St. Baldrick’s Foundation Awards CHLA More Than $1 Million For Cancer Research, Launches ‘Giving Tuesday’ Drive | BH Courier

St. Baldrick’s Foundation Awards CHLA More Than $1 Million For Cancer Research, Launches ‘Giving Tuesday’ Drive

The St. Baldrick's Foundation awarded more than $1 million in grants to three Children’s Hospital of Los Angeles doctors to support cancer research.  From left, at the check presentation, are: Dr. Robert Seeger, Dr. Michael Pulsipher, Kathleen Ruddy, CEO of the St. Baldrick's Foundation, and Dr. Muller Fabbri.
The St. Baldrick's Foundation awarded more than $1 million in grants to three Children’s Hospital of Los Angeles doctors to support cancer research. From left, at the check presentation, are: Dr. Robert Seeger, Dr. Michael Pulsipher, Kathleen Ruddy, CEO of the St. Baldrick's Foundation, and Dr. Muller Fabbri.

Posted: Monday, November 20, 2017 – 2:37 PM

Three physician-researchers with the Children’s Center for Cancer and Blood Diseases at Children’s Hospital Los Angeles (CHLA) have been awarded more than $1 million in grants from the St. Baldrick’s Foundation, the largest private funder of childhood cancer research. The funding will be used to support research efforts spanning both neuroblastoma and acute lymphoblastic leukemia – two of the most aggressive childhood cancers.

• Dr. Michael Pulsipher, head of the Pediatric Blood and Marrow Transplant Consortium (PBMTC) headquartered at CHLA, has received continued support for ongoing work evaluating cellular and immunological approaches to prevent relapse in children diagnosed with acute lymphoblastic leukemia (ALL).

• Dr. Robert Seeger has received a St. Baldrick’s consortium grant to support CHLA’s New Approaches to Neuroblastoma (NANT) Consortium. The research, led by Seeger, seeks to enhance the immune system’s ability to eliminate neuroblastoma by targeting both the cancer cells and surrounding cells that help the tumor cells grow and resist treatments. The work will enable the development of new therapies with the potential to improve survival in children with high-risk neuroblastoma, the second most common solid tumor in children.

• Dr. Muller Fabbri has been awarded a St. Baldrick’s Scholar grant to investigate how genetics and immune cells affect the growth of neuroblastoma tumors. Fabbri is working on a new strategy to target immune cells that contribute to disease progression with a goal toward the development of more potent immunotherapies to improve the outcomes for children with this disease.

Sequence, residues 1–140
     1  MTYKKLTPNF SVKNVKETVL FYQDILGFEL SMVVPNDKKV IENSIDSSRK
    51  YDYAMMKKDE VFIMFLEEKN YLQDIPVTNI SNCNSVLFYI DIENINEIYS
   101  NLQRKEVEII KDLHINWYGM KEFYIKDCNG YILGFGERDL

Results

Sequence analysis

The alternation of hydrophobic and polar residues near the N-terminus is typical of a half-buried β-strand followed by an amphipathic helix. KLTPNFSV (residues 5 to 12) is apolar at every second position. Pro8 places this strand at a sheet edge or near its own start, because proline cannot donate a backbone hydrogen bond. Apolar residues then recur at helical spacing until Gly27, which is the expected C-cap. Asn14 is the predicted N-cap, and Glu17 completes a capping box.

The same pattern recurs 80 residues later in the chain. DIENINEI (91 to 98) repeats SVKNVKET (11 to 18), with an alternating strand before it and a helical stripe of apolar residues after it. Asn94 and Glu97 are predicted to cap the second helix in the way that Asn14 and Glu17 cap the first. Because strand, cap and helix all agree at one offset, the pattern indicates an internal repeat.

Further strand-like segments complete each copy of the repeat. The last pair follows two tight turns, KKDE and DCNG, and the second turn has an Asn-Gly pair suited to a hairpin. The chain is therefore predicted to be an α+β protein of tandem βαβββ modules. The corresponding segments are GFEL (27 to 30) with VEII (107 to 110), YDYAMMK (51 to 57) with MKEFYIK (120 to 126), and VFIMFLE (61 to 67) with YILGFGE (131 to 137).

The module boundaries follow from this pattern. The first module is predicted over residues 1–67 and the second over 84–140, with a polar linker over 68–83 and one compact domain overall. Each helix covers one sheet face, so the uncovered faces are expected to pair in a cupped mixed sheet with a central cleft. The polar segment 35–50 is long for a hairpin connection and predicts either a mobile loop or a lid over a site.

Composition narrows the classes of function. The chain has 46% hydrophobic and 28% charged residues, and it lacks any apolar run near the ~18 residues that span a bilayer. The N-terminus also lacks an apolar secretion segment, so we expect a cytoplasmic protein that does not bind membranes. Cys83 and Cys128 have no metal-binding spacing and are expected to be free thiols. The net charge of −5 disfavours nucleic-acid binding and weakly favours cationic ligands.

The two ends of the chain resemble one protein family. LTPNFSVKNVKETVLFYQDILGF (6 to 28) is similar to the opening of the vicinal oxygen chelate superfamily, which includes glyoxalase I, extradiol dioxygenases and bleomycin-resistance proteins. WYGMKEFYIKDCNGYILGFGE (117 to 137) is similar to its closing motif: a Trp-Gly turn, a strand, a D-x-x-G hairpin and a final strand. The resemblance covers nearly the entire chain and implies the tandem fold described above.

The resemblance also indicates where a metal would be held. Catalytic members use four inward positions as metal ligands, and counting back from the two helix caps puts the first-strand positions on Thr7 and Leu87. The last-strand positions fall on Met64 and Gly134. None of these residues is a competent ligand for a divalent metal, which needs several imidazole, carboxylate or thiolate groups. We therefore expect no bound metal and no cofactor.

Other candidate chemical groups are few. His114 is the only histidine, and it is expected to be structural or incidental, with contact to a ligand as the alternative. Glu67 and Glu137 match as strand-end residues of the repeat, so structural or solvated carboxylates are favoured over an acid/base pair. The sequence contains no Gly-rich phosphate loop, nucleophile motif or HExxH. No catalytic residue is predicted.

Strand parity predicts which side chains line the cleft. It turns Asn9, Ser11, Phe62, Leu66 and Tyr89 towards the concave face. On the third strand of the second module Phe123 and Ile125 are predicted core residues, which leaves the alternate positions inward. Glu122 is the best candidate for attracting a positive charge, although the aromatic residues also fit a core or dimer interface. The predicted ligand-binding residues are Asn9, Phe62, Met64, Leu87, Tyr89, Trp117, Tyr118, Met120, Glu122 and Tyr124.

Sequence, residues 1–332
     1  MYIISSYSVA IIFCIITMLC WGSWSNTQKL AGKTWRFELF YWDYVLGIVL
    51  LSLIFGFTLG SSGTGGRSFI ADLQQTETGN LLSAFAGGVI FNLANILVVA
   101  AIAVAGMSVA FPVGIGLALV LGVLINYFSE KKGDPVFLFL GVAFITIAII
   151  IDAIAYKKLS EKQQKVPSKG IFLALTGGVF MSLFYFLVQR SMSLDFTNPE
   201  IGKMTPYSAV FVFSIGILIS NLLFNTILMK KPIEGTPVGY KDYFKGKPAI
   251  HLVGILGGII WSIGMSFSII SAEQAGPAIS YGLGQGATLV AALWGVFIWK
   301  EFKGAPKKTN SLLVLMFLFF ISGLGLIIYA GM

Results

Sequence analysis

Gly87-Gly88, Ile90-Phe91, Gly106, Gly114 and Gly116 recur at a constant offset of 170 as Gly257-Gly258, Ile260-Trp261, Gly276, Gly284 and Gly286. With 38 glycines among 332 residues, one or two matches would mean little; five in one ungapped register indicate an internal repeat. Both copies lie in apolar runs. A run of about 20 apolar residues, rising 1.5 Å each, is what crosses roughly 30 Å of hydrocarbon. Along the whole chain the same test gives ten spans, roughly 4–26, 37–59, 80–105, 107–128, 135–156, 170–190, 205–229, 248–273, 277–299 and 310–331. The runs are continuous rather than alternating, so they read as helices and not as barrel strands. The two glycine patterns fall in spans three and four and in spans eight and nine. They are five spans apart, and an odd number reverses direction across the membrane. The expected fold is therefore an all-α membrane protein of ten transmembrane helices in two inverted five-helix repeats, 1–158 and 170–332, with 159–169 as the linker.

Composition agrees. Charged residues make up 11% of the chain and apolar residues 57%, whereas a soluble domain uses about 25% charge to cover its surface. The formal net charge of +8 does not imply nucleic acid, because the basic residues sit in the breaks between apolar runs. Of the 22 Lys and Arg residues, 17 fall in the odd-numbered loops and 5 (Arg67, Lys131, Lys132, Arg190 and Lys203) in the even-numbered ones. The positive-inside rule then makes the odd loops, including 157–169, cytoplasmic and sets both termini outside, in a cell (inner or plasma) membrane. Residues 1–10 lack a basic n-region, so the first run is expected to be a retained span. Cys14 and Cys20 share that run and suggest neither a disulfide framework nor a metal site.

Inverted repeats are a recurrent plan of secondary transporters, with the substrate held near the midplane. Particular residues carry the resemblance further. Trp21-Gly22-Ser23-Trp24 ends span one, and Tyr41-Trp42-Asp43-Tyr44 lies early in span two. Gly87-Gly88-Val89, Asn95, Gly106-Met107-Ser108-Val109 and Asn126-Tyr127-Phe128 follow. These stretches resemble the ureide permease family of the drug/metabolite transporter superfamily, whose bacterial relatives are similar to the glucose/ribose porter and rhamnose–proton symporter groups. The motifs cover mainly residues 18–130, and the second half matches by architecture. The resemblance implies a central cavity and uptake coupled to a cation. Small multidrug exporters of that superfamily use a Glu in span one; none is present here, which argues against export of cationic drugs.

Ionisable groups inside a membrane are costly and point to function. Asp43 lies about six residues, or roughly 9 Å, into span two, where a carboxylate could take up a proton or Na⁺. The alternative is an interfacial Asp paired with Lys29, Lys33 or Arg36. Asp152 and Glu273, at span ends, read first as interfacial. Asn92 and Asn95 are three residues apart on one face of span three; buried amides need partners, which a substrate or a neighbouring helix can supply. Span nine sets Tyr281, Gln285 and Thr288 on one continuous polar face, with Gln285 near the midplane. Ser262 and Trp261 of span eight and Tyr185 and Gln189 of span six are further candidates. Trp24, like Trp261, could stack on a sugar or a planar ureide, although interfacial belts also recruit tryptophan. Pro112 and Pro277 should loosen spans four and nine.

Foundation takes part in Giving Tuesday

Seven-year-old Grace Ellen Brumstead is the epitome of fierce. She’s earned her orange belt in martial arts, prefers to be called “Gracie the Ninja Princess,” writes her own stories and has been fighting cancer since she was 4.

As an Honored Kid for the St. Baldrick’s Foundation, Grace was chosen to be the Foundation’s face of its #GivingTuesday efforts on Tuesday, Nov. 28 to help the foundation raise $75,000 in one day. (Visit www.givingtuesday.org for more information.)

Gracewas diagnosed in 2014 with high-risk leukemia. Due to her aggressive cancer, Grace endured ten times the regular dose of chemotherapy and was immediately put on a clinical trial that increased her survival rate from 20 percent to 70 percent. Although she showed no evidence of disease after two years, she sadly relapsed this year and recently underwent a bone marrow transplant.

Grace’s parents have both gone bald at St. Baldrick’s signature head-shaving events for childhood cancer research. Just this year, the L.A.-area has raised more than $60,000 for St. Baldrick’s, directly supporting its researchers.

While many will be spending Thanksgiving at home with loved ones, Grace will be at the hospital continuing treatment. However, her family is still thankful. “As long as she’s able to keep fighting her cancer, then we will always have something to be grateful for,” Melissa, Grace’s mom, said.

Funds raised on Giving Tuesday will go directly to the St. Baldrick’s-SU2C Pediatric Cancer Dream Team, a team using immunotherapy and genomics to find new treatments for cancer.

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